Work by more than 100 Artisans inside new Carmel more

South Whitley
Metalwork, bit and spur making
By appointment, trade shows, website
Lyn and Jay Ocken

“Our business began as an adventure to learn something we were both passionate about. A long line of horsemen and women preceded us.”

Lyn and Jay Ocken had no intention of building a business out metalworking. As a multi-generational “horse family,” they just wanted to use their creativity to make their own unique spurs, bits and buckles. What they discovered was a knack for creating functional art that appealed to a wide range of horse enthusiasts.

Jay is the blacksmith, forging the sterling silver and steel pieces that Lyn then engraves and embellishes with bronze and silver. “What I do is the basis for Lyn’s artistry,” says Jay. “Our work isn’t unique or beautiful until she touches it.”

After classes in engraving and time spent with expert bit and spur maker Vernon Lynes, the Ockens began to expand their business through referrals, some as far away as Australia. Most of their pieces are custom order, but they both want to see their business grow to include more of Lyn’s artistic expressions. The Ockens also want to elevate their metal work as a valuable traditional art form for Indiana.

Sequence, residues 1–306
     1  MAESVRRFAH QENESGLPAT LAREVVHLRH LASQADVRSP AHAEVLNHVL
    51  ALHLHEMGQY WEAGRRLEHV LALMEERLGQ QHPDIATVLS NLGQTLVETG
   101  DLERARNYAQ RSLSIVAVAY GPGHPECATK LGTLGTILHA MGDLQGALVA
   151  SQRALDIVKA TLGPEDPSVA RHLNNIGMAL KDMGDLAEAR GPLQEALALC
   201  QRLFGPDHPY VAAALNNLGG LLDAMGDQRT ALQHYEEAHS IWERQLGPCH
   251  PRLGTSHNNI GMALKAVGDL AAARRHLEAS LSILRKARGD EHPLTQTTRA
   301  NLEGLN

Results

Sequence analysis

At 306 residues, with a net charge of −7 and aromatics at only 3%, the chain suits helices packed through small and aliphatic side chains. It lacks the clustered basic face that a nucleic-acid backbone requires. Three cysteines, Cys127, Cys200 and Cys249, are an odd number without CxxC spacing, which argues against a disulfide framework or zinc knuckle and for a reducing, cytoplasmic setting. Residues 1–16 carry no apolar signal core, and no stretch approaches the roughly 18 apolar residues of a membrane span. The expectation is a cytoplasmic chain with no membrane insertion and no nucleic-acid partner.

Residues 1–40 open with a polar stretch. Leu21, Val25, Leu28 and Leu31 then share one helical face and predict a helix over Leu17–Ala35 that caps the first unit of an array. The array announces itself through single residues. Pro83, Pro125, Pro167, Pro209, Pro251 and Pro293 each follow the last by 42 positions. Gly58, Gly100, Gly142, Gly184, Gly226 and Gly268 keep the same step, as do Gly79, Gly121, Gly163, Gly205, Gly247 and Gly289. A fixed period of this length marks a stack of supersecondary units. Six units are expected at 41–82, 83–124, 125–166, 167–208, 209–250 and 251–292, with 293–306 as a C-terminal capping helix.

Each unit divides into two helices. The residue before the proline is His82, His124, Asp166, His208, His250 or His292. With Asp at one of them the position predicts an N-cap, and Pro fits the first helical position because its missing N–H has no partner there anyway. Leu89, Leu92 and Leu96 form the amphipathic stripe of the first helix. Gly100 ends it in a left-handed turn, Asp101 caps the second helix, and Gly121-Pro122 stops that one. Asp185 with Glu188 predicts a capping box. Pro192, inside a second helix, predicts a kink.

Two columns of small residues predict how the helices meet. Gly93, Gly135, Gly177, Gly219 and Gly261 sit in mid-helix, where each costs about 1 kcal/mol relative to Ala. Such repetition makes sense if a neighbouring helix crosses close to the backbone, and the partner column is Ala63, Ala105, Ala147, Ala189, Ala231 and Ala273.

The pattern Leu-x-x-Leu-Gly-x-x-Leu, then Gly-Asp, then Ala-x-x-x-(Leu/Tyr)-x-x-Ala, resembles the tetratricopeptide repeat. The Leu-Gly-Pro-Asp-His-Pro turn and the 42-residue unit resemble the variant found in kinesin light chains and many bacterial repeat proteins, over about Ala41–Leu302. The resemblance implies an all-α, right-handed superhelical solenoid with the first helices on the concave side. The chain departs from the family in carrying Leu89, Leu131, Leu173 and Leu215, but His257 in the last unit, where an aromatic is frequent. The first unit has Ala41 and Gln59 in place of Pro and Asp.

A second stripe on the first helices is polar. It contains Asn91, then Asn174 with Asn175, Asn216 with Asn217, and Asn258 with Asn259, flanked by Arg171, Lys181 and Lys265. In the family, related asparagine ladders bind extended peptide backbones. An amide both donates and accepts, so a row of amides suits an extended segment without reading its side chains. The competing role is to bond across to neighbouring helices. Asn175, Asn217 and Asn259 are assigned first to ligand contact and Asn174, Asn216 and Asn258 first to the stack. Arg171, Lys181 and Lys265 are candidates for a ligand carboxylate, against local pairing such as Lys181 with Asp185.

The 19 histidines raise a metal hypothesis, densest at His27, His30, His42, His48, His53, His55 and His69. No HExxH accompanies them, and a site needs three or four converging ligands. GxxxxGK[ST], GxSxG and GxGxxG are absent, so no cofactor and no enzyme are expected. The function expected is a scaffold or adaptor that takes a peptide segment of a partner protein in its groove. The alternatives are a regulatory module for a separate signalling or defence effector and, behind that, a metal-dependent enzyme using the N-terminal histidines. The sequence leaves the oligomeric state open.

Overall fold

Lyn feels the Indiana Artisan program gives them the avenue they need to market their business both here in Indiana for exhibition and wholesale for industry trade shows.

“We had also grown very tired of the box stores and products that were stamped out with no human hands ever touching them, and no heart going into how they were made,” Lyn says.

Ockens are now hopeful that they can soon be in the studio full-time. “We have two kids, 10 horses, 3 dogs, 2 cats and 14 chickens. It keeps us busy but we enjoy getting to do what we love on a daily basis.”

 Read this interesting article on the Ockens in My Indiana Home blog.